The case for mocking religion.
By Christopher Hitchens
Posted Saturday, Feb. 4, 2006, at 4:31 PM ET
As well as being a small masterpiece of inarticulacy and
self-abnegation, the statement from the State Department about this week's
international Muslim pogrom against the free press was also accidentally
"Anti-Muslim images are as unacceptable as anti-Semitic images,
as anti-Christian images, or any other religious belief."
Thus the hapless Sean McCormack, reading painfully slowly from what was
reported as a prepared government statement. How appalling for the country
of the First Amendment to be represented by such an administration. What
does he mean "unacceptable"? That it should be forbidden? And
how abysmal that a "spokesman" cannot distinguish between
criticism of a belief system and slander against a people. However, the
illiterate McCormack is right in unintentionally comparing racist libels
to religious faith. Many people have pointed out that the Arab and Muslim
press is replete with anti-Jewish caricature, often of the most lurid and
hateful kind. In one way the comparison is hopelessly inexact. These foul
items mostly appear in countries where the state decides what is published
or broadcast. However, when Muslims republish the Protocols of the Elders
of Zion or perpetuate the story of Jewish blood-sacrifice at Passover,
they are recycling the fantasies of the Russian Orthodox Christian secret
police (in the first instance) and of centuries of Roman Catholic and
Lutheran propaganda (in the second). And, when an Israeli politician
refers to Palestinians as snakes or pigs or monkeys, it is near to a
certainty that he will be a rabbi (most usually Rabbi Ovadia Yosef, the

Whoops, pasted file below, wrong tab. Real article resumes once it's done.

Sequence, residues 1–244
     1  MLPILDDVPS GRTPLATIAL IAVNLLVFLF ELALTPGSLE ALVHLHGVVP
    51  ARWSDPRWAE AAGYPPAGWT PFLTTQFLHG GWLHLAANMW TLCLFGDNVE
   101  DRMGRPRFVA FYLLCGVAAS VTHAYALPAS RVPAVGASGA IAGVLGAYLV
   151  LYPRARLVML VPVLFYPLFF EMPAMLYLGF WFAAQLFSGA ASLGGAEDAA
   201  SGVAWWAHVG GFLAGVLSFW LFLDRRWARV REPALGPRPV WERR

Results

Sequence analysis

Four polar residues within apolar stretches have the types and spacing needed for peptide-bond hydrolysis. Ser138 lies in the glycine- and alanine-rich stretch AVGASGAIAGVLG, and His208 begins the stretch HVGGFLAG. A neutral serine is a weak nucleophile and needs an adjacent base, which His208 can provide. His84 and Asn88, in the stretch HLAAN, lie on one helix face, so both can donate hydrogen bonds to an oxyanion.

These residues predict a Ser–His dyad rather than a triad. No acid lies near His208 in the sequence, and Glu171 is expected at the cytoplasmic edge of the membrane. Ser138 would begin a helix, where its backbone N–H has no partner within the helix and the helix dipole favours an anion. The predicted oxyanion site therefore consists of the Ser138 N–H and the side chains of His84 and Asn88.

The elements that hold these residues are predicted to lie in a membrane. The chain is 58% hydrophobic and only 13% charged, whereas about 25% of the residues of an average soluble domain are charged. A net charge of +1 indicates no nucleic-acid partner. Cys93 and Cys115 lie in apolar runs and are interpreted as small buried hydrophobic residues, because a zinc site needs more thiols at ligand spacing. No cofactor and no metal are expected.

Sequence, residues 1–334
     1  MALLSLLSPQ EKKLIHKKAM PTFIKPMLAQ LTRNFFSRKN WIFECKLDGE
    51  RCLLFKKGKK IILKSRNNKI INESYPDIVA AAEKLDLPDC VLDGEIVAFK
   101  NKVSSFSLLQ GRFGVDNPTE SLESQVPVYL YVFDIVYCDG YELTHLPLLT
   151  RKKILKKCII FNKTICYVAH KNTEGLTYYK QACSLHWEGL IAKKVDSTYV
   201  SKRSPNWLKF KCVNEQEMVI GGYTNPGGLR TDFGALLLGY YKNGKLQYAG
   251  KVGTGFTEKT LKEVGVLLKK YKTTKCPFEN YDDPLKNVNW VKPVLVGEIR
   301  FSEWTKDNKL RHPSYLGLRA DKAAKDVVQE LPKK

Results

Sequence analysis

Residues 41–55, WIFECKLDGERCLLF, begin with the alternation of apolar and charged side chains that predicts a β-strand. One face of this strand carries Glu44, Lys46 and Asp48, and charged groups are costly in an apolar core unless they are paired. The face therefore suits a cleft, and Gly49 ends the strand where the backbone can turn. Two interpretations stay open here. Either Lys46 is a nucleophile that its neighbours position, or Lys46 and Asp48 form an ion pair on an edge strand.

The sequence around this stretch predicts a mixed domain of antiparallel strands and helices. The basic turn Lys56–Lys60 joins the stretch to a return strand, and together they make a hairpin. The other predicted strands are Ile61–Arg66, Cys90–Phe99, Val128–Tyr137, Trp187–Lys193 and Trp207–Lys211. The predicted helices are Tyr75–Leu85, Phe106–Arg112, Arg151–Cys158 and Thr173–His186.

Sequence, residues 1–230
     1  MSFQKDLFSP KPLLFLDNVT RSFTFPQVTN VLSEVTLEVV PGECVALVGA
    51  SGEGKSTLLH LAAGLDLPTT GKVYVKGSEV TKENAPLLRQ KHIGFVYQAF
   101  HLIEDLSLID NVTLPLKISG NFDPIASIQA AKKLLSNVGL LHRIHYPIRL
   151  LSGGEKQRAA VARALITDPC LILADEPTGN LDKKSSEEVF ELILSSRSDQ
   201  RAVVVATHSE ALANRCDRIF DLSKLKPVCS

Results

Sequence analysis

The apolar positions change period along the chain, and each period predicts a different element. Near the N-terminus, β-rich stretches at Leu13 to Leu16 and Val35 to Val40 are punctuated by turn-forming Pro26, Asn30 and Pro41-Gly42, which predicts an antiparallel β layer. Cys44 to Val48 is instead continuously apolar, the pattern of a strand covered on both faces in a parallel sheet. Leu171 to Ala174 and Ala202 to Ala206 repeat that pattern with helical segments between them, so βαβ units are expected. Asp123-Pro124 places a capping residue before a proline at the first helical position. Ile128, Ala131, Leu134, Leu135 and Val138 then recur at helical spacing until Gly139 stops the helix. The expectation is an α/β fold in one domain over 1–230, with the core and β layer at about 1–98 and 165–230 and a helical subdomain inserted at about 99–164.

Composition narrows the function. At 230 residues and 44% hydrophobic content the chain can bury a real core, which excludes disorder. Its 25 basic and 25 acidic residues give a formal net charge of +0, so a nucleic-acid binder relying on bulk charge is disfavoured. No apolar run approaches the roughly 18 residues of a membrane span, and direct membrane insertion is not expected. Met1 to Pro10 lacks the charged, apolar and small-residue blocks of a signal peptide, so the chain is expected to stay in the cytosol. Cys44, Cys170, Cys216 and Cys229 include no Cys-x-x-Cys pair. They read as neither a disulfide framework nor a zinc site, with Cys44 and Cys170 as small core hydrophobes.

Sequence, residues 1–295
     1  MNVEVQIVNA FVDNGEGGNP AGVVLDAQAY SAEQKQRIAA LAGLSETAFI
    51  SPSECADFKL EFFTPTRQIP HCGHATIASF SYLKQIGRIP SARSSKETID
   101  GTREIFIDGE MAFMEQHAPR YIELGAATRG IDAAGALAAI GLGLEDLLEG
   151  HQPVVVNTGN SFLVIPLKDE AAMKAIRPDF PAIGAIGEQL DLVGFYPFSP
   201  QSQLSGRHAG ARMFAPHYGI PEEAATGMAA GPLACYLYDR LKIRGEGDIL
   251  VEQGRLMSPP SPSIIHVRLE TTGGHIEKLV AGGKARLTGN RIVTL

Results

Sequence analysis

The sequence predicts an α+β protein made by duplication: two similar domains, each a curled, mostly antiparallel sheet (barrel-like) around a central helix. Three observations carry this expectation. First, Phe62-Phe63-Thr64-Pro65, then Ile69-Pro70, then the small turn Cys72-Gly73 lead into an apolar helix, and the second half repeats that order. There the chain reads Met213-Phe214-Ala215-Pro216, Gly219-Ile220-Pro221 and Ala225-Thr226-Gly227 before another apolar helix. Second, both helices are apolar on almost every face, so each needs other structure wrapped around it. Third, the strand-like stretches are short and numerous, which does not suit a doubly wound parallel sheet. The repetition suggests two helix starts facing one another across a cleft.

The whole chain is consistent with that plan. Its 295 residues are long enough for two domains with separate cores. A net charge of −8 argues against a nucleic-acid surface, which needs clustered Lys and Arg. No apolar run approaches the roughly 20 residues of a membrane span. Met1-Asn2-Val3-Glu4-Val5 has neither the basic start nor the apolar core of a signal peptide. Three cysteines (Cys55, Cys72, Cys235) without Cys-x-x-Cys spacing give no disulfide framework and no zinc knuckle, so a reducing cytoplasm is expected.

leader of the disgraceful Shas party) and will cite Talmudic authority for
his racism. For most of human history, religion and bigotry have been two
sides of the same coin, and it still shows.
Therefore there is a strong case for saying that the Danish newspaper Jyllands-Posten,
who have reprinted its efforts out of solidarity, are affirming the
right to criticize not merely Islam but religion in general. And the Bush
administration has no business at all expressing an opinion on that. If it
is to say anything, it is constitutionally obliged to uphold the right and
no more. You can be sure that the relevant European newspapers have also
printed their share of cartoons making fun of nuns and popes and messianic
Israeli settlers, and taunting child-raping priests. There was a time when
this would not have been possible. But those taboos have been broken.
Which is what taboos are for. Islam makes very large claims for itself.
In its art, there is a prejudice against representing the human form at
all. The prohibition on picturing the prophet—who was only another
male mammal—is apparently absolute. So is the prohibition on pork or
alcohol or, in some Muslim societies, music or dancing. Very well then,
let a good Muslim abstain rigorously from all these. But if he claims the
right to make me abstain as well, he offers the clearest possible warning
and proof of an aggressive intent. This current uneasy coexistence is only
an interlude, he seems to say. For the moment, all I can do is claim to
possess absolute truth and demand absolute immunity from criticism. But in
the future, you will do what I say and you will do it on pain of death.